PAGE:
After Duke’s annual shootout with Pittsburgh, one question came to my mind: Can this experienced Duke team compete with Florida State in the ACC Championship Game?
Though their defense looked like Swiss cheese against the Panthers Saturday, the Blue Devils gave a performance that appeared to be a blip on the radar, at least if their season is evaluated in full. Pitt just seems to have the Duke defense’s number, and the Blue Devils survived… even if that meant a missed chip-shot field goal by the Panthers.
Death, taxes, and Pitt scoring at will against Duke are life expectations. In the past two seasons, the Blue Devils have allowed 58 and 48 points against Pitt, and an average of 21.05 points against everyone else in 20 games. That total is pushed even higher with the 45-7 loss to Florida State and the 52-48 loss to Johnny Football and Texas A&M in the Chick-fil-A Bowl last season. If you remove those two games from the equation, Duke’s non-Pitt scoring defense becomes that much better.
Duke, the 7-1 leader of the ACC Coastal division, will likely be the last and only roadblock on the ‘Noles path to the playoff tournament. With a victory earlier this season over Georgia Tech, its next closest competition, Duke controls its own destiny to win the Coastal and battle the ‘Noles in the final conference game of the 2014 campaign.
The Blue Devils are balanced on offense: They rush and pass for almost the same amount of yards. With 212.3 rushing yards per contest, Duke ranks 34th in the country. Its average of 209.8 passing yards per game ranks 86th in the nation. Additionally, the Blue Devils allow just 19.3 points per game, which is good for 13th in the FBS. While allowing 48 points to Pitt on Saturday, they have allowed 17 points or fewer in five games this season.
Also, senior quarterback Anthony Boone doesn’t turn the ball over. He has thrown just three interceptions in 278 pass attempts this season. This has been a significant boost for the Blue Devils, as Boone threw 13 picks in 322 tosses last season. As a team, Duke has turned the ball over only five times this season. Simply put, the Devils do not shoot themselves in the foot. Teams cannot do that against superior competition, or they will get run out of the stadium, which is what happened against FSU last season. Moreover, Duke has forced 13 turnovers to get the ball back for Boone. Florida State has forced 15 turnovers, but has also given the ball away 16 times.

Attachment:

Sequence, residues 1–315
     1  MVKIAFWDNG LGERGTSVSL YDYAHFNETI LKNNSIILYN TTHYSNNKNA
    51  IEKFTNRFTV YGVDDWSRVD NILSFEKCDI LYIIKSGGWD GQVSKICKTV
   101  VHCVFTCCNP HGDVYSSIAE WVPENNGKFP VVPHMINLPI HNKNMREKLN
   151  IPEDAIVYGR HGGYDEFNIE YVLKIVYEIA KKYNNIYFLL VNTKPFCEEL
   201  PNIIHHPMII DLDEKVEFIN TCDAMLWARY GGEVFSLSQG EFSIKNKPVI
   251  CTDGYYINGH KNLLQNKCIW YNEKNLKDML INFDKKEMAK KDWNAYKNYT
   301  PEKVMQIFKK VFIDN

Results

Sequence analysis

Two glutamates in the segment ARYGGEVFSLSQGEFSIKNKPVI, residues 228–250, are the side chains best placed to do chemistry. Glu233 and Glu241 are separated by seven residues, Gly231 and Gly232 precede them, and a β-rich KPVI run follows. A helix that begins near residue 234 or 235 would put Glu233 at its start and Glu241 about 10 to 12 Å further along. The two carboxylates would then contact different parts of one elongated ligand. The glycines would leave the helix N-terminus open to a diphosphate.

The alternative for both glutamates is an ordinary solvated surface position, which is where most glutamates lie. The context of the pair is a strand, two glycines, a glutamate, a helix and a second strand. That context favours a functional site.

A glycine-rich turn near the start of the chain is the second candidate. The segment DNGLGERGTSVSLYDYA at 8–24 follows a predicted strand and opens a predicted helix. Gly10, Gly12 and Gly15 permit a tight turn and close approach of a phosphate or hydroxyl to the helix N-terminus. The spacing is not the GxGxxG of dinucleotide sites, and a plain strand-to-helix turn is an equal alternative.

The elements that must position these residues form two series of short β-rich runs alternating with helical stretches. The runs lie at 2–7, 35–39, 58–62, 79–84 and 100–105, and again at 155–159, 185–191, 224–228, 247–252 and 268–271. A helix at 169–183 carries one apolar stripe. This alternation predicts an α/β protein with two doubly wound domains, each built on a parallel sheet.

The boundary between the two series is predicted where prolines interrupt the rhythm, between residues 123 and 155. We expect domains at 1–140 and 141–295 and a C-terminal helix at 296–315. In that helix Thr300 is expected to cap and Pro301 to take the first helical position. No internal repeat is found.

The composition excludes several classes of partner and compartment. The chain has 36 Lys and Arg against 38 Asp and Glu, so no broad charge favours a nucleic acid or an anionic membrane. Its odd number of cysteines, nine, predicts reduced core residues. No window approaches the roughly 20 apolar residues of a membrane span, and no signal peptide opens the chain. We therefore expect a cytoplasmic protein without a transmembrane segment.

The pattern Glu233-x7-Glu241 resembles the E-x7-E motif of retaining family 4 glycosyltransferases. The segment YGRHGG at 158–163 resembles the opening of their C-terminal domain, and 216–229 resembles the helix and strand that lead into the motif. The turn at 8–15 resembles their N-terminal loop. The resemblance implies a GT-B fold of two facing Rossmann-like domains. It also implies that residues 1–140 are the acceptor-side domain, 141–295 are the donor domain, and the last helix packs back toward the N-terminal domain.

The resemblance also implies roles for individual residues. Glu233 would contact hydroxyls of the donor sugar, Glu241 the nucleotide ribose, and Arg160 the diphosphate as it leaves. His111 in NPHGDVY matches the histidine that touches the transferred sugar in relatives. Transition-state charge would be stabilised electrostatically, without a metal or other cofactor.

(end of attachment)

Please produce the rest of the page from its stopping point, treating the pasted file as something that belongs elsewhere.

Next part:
In addition to Boone, Duke’s experience in the passing game also emerges with senior receiver Jamison Crowder. He has seen Florida State three times – once in each of the previous three years. In his freshman and sophomore seasons, Crowder had a tough go of it, but did accrue eight grabs last season in the ACC title game. Along with Crowder, senior tight end Braxton Deaver (46 catches this year) has also played the Seminoles three times.
Last year’s blowout loss versus Florida State was not Boone’s strongest game. He completed half of his tosses and threw a pair of picks. Shaquille Powell, the team’s second leading rusher in 2014, had only eight carries. Freshman Shaun Wilson has infused the offense with an added measure of production in tandem with Powell; he leads the team in rushing with 528 yards on just 55 carries.
To go along with the gleaming per-game average of over 200 rushing yards, Duke has its top four rushers averaging over five yards per carry. As we saw with Louisville, Florida State does tend to struggle against the run at times. The ‘Noles allow 388.6 yards per game. While Florida State ranks 51st in the country against the run, that statistic can be deceiving. FSU allowed 158 yards to Michael Dyer and the Cardinals last week, much of which came in the first half. In its prior game, Florida State allowed 157 rushing yards to Notre Dame. North Carolina State rushed for 161 yards, and Oklahoma State rushed for 161 as well. All four of these squads rank outside of the top 50 rushing teams in the country, and Louisville ranks 87th.
On defense, we all know about the strong passing attack from the ‘Noles, which averages 327.3 yards per game. To counteract this, Duke ranks 41st in the FBS against the pass, allowing 208.5 passing yards per game.
While I’m not sure this will be the year for the Blue Devils to knock off the ‘Noles, they are a significantly better team than in past years. They have several components that will allow them to keep the game close and create a situation in which anything can happen, especially involving two teams with title-game experience flowing from last year in Charlotte.
Even though Florida State is a heavy favorite to be one of the four teams competing in the College Football Playoff, a late-season loss could be devastating to those chances. While they do still have Boston College and Miami on the agenda, Duke appears to be last chance to keep the ‘Noles out… and it could be quite a battle.